DescriptionCircular economy laws aim is to generate a shift away from linear product-to-waste approaches and instead promote the reuse, recycling, and recovery of resource and waste streams in order to achieve both economic prosperity and environmental protection. Economic law research to date has focused primarily on the technical and managerial complexities to deliver a circular economy throughout global value supply chains for specific sectors. Despite techno-economic innovation occurring within specific sectors, insufficient attention has been paid to equity and justice dimensions involved in transforming economies from a linear to a circular model.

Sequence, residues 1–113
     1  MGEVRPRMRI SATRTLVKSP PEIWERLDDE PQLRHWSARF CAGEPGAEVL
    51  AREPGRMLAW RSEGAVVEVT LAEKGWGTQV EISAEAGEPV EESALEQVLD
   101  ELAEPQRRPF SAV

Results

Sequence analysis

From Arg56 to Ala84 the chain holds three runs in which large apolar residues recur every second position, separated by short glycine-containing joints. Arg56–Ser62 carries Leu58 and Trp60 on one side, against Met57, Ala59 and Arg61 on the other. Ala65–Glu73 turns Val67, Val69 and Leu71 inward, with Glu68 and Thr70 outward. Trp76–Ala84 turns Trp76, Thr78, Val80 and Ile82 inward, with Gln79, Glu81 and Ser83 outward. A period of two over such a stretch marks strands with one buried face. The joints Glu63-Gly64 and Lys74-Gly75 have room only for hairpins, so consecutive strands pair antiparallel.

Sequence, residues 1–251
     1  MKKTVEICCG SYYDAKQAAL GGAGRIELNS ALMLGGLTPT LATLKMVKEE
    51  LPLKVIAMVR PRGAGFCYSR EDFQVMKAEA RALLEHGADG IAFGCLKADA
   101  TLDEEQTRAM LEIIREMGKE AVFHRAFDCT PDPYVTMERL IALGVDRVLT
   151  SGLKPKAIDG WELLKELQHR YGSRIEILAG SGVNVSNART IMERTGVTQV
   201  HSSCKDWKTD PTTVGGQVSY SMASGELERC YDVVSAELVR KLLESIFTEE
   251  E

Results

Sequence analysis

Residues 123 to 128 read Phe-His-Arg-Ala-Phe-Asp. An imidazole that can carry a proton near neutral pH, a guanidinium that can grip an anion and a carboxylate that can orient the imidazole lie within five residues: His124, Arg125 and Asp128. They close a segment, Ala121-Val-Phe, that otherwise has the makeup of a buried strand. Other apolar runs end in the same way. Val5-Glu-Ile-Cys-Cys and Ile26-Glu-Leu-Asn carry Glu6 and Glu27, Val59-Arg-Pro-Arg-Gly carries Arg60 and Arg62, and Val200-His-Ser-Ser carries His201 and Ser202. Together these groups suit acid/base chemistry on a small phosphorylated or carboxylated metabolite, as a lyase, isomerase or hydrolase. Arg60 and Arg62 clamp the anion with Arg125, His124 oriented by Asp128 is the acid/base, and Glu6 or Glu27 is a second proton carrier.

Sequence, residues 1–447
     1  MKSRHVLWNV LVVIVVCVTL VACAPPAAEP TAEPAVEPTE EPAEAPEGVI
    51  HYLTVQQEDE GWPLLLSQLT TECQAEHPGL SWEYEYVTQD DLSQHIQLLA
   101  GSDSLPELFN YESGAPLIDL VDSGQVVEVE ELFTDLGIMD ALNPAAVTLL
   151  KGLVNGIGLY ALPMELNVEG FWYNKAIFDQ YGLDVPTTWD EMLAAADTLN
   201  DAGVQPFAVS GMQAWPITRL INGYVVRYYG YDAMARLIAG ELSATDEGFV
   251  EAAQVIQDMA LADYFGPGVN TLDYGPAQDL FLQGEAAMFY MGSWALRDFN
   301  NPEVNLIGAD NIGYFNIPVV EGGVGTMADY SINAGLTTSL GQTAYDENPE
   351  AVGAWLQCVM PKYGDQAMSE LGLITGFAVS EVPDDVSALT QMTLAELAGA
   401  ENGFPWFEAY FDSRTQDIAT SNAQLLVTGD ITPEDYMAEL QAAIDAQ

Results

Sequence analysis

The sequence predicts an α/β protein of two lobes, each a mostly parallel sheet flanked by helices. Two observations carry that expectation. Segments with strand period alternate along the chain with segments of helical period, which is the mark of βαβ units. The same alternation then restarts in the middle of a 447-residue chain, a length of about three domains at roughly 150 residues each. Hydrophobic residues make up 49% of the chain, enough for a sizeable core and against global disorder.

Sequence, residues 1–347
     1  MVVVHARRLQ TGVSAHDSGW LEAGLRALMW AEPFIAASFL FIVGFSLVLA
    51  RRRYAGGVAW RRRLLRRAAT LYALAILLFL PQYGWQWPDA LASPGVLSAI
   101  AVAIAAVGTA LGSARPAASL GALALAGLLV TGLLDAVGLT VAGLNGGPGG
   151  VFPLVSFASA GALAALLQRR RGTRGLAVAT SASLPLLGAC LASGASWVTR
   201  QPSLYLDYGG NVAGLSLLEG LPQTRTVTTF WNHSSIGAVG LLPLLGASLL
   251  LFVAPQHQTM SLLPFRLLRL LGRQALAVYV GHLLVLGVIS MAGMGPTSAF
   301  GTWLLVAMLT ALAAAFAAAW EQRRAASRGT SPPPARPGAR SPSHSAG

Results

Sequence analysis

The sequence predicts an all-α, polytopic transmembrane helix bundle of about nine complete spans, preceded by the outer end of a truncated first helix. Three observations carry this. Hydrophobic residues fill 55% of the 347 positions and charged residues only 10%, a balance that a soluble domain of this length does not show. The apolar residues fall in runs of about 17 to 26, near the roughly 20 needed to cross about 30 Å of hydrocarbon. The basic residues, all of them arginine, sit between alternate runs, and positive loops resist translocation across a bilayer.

This paper presents analysis of two transnational case studies from the (plastics) waste and forestry sectors to see beyond repackaged ‘rubbish laws’. In each case study we identify the conceptual challenges to designing circular economy law. We highlight how circular economy law, in both design and practice, is building on and perpetuating existing asymmetries of power within linear global supply chain resource cycles. We conclude that marginalised peoples constituencies, within each resource cycle are rendered invisible by the powerful techno-economic knowledge production processes underpinning circular economy laws design and practice. To see beyond repackaged ‘rubbish laws’ we propose an environmental rights based analytical framework to evaluate circular economy legal models.
|Period||7 Nov 2019|
|Event title||The IEL Collective Inaugural Conference: Disrupting Narratives and Pluralising Engagement in International Economic Law Scholarship, Teaching and Practice|
|Location||Coventry, United Kingdom|